10. Me,too. And that's in spite of how visually unattractive they are. I don't think I've ever finished one without grease dripping on my shirt, try as I might. They are tasty though.
  11. If you're seeing pink plate in any of the pictures in this thread, it may be time for a new monitor....
  12. .....maybe by the time you would finish installing "by yourself". Any and all wood flooring has the potential to get scratched up. Bamboo flooring is a great product. Kids can crap out any flooring they set their sights on. Keep some extra pieces from the same lot for repairs later, and go for it.
  13. Garage Door Services builds and install quality wood faced doors. www.gdsofusa.com 713-983-8771 Wayne Dalton are great doors, and priced accordingly. Stewart Door makes wood doors as well. 281-859-9339
  14. That looks like Ike debris that has been turned into mulch. Maybe?
  15. Actually. cost-plus contracts for true custom homes are quite common.
  16. After reading this post and all of the replies, I thought I would propose a scenerio that would possibly explain the proximity of the cables and wire ties to the finished floor surface. If this home is in a typical entry level price range, the slab pour was probably tailgated, meaning that the mixers all backed up to the form and the concrete was placed directly into the form via the truck chute. Most production builders forego the $650.00 - $900.00 expense of a pump truck. As a result, the pour is a lot more labor intensive and difficult from the concrete finishers standpoint. It requires them to drag the wet mud around with with rakes and screeds to get to the center and any other area that the chutes can't reach. The pour takes a lot longer because they have to orchestrate the movement of the trucks in and out. As a result, one of their favorite things to do, in direct conflict with the engineers specifications, is to add as much water as they can get away with to the concrete while still in the truck. This facilitates two things, it turns the concrete to "soup" ( as described by the posters neighbor ) and it makes it much easier to work with for the finisher. It will flow throughout the beams and therefore relieve them of the need to drag and place it as necessary. I would propose that the exposed cables and their close proximity to the surface is the result of them being displaced from their starting locations ( hopefully straight, firmly tight, and sitting on 2" chairs ) by the finisher allowing this wet mud to be blasted into the form from the truck chute with little regard for what was happening to the integrity of the slab design. Unfortunately, the pour was scheduled for "late at night" per the poster. It was probably one of several, and ran late. Everybody was probably more concerned with going home than taking care to insure a proper placement. In addition to the displaced cables, the addition of significant amount of water, changes the way the concrete cures. Once the finishers have done their work and remove the finishing machines from the slab, things probably looked pretty good. The results of the excessive amount of water in the concrete don't show until later in the form of shrinkage cracks, which are evident in the pictures that were posted. They result from the excess moisture trying to find its way out of the finished surface. As any engineer will quickly state..."they don't impact the structural integrity of the slab", but they sure look crappy. These statements are my opinion only, based on what I had read above. Unfortunately, I don't know what to do to help you get your builder to acknowledge that they did a poor job in supervising the placement of your slab. Edit: I went back and re-read that you did have a 10 year warranty on structural components provided by Home of Texas. To my knowledge, all 3rd party warranty providers require the builder to provide a pre-pour, pour ( with an engineer or inspector on-site during placement ), tendon stress , cover-up, and a final (with slab elevations shot and documented ) inspection in order to issue a warranty to the homeowner. Therefore, it's curious that the builder stated that "nobody" has to provide these inspections. Did you receive a package of information explaining the parameters of the warranty from Home of Texas. The only reason this is important is that your builder will probably take little to no action on the issues you have now, however, if in the future ( 5,7,9 years from now) you do have a slab failure you will be dealing with Home and not your builder.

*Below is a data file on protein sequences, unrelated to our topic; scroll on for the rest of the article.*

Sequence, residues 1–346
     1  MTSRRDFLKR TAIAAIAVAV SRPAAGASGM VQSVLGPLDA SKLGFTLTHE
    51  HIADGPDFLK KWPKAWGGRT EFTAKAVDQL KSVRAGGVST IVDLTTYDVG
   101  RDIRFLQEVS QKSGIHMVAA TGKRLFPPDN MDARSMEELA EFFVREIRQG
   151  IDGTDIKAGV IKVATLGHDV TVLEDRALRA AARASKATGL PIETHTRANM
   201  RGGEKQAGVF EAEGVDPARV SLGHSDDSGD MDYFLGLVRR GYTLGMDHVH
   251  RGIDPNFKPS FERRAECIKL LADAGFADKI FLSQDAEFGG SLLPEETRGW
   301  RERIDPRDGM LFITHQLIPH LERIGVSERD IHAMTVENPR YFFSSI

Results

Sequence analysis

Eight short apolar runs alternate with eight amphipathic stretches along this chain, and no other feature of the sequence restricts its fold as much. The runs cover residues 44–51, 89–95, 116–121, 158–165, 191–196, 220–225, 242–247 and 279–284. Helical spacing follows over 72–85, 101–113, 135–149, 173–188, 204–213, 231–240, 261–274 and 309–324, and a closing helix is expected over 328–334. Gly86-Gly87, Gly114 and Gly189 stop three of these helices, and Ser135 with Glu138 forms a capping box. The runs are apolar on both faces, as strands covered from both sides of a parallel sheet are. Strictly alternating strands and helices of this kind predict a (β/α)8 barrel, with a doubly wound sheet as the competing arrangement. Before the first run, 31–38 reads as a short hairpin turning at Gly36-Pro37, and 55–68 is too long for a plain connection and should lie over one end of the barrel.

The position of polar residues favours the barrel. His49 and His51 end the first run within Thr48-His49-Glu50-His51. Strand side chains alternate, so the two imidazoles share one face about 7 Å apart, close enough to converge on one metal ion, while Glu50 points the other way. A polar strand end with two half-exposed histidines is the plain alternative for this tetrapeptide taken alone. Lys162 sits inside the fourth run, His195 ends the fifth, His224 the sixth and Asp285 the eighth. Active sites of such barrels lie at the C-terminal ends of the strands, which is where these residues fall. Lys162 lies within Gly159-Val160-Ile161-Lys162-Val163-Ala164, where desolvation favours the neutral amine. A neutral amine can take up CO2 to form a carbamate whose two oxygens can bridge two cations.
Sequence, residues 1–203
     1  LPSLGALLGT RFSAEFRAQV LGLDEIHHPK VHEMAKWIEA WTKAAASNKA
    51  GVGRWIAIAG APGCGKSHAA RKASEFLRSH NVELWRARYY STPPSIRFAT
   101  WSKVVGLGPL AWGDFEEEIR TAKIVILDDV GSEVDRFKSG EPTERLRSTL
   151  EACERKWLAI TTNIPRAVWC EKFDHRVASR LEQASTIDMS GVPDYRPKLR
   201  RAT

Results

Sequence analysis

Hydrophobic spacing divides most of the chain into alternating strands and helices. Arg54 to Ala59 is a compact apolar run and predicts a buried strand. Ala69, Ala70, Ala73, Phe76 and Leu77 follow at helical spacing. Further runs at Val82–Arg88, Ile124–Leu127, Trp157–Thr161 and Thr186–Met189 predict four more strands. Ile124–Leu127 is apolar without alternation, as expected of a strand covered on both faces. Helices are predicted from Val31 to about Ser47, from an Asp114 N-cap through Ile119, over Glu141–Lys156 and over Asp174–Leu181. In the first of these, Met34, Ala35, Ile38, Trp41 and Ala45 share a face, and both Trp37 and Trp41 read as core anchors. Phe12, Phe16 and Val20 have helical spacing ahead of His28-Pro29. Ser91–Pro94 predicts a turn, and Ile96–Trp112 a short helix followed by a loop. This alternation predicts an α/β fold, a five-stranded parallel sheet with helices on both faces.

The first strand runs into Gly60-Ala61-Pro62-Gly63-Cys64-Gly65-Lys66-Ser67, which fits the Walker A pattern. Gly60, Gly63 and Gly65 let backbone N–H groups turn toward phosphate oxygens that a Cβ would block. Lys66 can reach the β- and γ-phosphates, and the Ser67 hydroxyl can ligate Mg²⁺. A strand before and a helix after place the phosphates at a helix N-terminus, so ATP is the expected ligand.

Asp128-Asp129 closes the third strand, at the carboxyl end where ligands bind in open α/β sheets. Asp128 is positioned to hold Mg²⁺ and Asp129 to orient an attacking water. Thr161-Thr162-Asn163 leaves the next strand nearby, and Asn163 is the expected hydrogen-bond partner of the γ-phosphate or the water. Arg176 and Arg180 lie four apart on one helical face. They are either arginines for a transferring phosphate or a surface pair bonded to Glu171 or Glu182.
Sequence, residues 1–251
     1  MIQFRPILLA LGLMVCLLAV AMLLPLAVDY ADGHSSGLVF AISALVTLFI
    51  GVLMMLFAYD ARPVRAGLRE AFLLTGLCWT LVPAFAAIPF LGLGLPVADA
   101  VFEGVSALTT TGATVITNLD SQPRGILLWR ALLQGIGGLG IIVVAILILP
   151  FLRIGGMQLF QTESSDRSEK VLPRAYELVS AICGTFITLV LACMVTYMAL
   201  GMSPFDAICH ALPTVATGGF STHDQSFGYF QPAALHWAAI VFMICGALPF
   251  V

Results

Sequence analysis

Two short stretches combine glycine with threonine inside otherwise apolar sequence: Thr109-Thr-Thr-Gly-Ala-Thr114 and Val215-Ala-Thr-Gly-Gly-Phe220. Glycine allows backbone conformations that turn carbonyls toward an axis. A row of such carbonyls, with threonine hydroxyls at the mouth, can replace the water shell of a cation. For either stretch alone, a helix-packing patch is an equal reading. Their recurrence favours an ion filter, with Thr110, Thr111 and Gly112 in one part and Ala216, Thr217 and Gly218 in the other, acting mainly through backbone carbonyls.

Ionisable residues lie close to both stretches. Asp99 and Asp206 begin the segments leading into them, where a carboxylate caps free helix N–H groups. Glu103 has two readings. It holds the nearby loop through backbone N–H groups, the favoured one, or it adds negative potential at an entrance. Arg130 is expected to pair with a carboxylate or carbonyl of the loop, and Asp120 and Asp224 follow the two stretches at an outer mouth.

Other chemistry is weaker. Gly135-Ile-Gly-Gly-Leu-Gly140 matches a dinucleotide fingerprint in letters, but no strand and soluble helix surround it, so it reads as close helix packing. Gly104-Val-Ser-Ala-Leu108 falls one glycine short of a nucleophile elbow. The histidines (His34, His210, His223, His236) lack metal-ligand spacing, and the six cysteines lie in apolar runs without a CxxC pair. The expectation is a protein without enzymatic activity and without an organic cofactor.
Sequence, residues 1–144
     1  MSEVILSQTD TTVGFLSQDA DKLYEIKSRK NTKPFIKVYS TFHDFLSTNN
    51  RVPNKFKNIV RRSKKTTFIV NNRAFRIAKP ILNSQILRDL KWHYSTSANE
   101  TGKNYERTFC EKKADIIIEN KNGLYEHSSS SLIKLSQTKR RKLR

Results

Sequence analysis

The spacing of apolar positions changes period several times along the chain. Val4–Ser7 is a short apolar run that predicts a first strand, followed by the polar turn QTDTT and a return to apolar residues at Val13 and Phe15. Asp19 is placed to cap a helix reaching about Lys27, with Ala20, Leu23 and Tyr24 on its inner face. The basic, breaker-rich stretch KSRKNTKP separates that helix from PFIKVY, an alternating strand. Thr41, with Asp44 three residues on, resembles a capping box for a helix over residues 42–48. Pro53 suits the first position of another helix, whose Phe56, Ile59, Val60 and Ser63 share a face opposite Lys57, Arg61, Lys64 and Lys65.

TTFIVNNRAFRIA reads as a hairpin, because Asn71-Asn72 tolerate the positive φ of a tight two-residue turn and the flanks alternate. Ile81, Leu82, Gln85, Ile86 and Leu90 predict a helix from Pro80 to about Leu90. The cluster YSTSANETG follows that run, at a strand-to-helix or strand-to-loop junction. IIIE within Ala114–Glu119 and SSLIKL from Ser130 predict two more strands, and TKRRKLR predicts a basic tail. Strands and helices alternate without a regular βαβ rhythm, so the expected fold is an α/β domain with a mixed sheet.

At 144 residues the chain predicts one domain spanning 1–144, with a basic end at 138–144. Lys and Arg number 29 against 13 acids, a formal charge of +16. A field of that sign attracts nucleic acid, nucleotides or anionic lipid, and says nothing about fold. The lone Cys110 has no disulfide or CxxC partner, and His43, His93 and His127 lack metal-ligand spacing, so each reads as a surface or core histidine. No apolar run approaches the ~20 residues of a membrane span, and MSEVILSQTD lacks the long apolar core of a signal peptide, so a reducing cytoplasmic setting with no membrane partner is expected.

17. This info you added makes it pretty clear to me that ..."if it sounds to good to be true.....". I would steer clear of any company with "500 addresses...lot's of alias's"...etc. The actual risk to you may be zero, or it may just as easily be huge. There are many, many variables in the way mortgage brokers package and present loan terms to their clients. What a loan will actually cost you at closing may look very different than how it's is presented to secure your business initially. Basically, everything you stated in your second post would be more than enough to make me throw that unsolicited "pre-approved" offer in the trash.
  18. Hi Flippper.... Can you start and tell us what you thought? My wife asked me twice over the weekend if I wanted to go. We didn't make it, but will go next weekend if you have a favorable review. Thanks!
  19. What you are saying is theoretically correct, however, it's not very realistic. I think what you will find is that the vast majority of sellers will have no interest at all in mustering up the patience necessary for you to proceed with your " come on, friend, make me feel good about your price" approach. If both parties have agents, I would speculate that the majority of transactions go to closing without any direct buyer / seller interface.
  20. So...........just how well are the homes really selling in The Woodlands?